Emulsifiers, additives present in many industrial foods, upset the balance of our microbiota and our intestine. But according to a new French study, a bacterium could have a protective effect and help us defend against their harmful impact.
- Akkermansia muciniphila is not unknown in the medical world: it has been studied for twenty years.
- “We know that it plays a role in inflammatory bowel disease,” explains gastroenterologist William Berrebi.
- “Patients who suffer from these diseases have a deficiency in this bacterium which usually represents 5% of the microbiota”, he adds.
They are found in sauces, children’s snacks or industrial ice cream, as well as in many processed food products. These are emulsifiers, additives particularly widespread in the food industry to improve the texture and keep food longer.
Emulsifiers: what dangers for our intestinal health?
The problem is that they produce several harmful effects on the intestinal microbiota, listed in the scientific literature, which can lead to inflammations. “In humans as in mice, food additives have been shown to alter the composition of the microbiota”explains Benoît Chassaing, Inserm research director at the Cochin Institute.
Fortunately, according to a new study conducted by a team of French researchers from Inserm published in the journal gutwhich Benoît Chassaing led, this damage could be countered thanks to a bacterium called Akkermansia muciniphila. This bacterium, when consumed in the form of probiotics, would limit the impact of emulsifiers on our microbiota.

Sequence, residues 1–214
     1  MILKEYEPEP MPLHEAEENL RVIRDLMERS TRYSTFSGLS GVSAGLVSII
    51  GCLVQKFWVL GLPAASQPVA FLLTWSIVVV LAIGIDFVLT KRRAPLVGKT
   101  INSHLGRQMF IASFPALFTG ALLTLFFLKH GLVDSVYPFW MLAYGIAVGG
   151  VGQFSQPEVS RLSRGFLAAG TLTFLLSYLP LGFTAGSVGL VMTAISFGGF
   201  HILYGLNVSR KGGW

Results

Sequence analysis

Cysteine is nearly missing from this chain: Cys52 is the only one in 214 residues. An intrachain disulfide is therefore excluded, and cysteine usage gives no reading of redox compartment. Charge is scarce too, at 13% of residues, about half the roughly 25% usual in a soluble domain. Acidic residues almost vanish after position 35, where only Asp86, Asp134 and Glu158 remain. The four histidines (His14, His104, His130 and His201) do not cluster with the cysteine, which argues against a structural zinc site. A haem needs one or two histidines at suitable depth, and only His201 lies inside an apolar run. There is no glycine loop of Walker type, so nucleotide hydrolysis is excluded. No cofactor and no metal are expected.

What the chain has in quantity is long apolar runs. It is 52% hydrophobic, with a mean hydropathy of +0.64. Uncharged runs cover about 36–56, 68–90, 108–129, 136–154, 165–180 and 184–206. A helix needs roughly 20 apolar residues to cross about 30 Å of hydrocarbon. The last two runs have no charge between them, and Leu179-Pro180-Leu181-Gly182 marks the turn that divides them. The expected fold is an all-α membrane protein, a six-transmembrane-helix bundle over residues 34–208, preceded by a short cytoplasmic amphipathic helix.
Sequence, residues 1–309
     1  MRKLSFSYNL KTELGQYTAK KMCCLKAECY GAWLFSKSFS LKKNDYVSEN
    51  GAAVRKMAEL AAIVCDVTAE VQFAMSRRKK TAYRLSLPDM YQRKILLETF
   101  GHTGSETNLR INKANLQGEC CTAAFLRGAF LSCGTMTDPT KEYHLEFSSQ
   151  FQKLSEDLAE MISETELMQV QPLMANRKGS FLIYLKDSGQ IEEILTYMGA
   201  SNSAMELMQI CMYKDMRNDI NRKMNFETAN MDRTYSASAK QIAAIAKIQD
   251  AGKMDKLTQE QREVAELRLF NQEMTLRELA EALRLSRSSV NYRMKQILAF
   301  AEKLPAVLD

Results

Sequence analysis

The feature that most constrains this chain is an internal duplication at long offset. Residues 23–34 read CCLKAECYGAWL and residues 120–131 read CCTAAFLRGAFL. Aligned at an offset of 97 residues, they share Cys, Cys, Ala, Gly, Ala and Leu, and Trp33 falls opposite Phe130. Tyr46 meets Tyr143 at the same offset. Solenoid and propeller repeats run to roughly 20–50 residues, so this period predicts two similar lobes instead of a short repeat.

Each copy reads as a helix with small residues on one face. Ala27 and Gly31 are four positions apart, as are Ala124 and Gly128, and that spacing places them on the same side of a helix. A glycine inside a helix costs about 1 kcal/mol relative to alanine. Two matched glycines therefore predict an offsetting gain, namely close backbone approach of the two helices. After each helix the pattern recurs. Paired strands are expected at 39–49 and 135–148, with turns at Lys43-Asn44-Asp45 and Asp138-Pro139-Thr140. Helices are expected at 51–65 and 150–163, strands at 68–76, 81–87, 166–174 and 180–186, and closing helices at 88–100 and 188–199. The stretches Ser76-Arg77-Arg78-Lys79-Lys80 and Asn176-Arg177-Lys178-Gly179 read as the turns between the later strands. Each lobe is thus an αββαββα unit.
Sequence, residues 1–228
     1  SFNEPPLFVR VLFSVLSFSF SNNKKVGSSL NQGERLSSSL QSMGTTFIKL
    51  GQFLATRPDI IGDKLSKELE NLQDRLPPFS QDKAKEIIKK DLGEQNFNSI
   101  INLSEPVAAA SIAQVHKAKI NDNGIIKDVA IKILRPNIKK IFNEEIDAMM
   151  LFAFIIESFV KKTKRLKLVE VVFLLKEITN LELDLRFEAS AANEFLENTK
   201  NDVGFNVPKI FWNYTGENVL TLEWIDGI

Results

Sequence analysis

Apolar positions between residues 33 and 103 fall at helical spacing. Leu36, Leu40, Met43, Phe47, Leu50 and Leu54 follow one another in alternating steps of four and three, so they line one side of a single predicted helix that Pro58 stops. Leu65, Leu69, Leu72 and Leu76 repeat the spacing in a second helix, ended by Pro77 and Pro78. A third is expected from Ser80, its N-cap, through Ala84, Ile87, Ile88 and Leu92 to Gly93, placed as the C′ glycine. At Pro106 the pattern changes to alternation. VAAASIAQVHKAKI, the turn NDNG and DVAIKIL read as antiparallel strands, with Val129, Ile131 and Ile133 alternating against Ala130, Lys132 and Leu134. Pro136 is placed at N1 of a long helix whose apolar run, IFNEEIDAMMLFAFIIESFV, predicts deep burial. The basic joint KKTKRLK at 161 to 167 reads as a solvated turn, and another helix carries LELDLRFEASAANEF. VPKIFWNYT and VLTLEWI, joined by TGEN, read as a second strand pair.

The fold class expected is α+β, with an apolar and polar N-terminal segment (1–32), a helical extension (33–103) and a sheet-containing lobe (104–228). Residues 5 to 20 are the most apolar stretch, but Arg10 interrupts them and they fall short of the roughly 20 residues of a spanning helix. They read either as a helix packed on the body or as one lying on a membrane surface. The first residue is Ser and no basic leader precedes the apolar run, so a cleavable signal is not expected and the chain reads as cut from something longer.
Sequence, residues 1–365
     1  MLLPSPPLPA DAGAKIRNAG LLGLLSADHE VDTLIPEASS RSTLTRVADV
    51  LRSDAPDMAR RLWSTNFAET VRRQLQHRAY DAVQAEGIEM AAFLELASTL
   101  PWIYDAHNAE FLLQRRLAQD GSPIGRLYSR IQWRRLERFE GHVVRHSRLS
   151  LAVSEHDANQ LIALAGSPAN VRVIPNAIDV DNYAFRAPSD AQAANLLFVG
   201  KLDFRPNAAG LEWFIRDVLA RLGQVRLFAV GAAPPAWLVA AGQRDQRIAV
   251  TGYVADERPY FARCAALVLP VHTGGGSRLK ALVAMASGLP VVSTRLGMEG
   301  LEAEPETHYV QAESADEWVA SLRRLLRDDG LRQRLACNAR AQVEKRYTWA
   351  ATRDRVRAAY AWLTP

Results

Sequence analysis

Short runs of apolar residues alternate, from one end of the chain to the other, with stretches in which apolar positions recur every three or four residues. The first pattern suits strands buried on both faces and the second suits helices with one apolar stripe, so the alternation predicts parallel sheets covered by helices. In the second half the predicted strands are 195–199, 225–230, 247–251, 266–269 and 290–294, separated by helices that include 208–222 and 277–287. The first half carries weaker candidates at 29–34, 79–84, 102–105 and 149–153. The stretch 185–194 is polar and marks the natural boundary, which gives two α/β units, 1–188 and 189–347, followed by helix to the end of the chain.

A bacterium that slows down the degradation of the intestinal wall
Indeed, the intestinal wall usually serves as a protection against bacteria and inflammatory substances. However, when there is a disruption of the microbiota, for example due to an unbalanced diet that is too rich in additives, the intestinal wall becomes more permeable. Pathogenic bacteria and inflammatory substances therefore cross this barrier more easily and reach the bloodstream.
According to the researchers, the bacteria Akkermansia muciniphila helps protect the lining of the intestine because it makes mucus that prevents bad bacteria from passing through. During their study on mice, the Inserm scientists noticed that when they added this bacterium to the diet of rodents, the wall of their intestine was much less damaged. If these results are also observed in humans, “we could slow down the degradation of the wall which prevents the passage of toxic substances into the blood and into various organs”says Dr. William Berrebi, a gastroenterologist in Paris.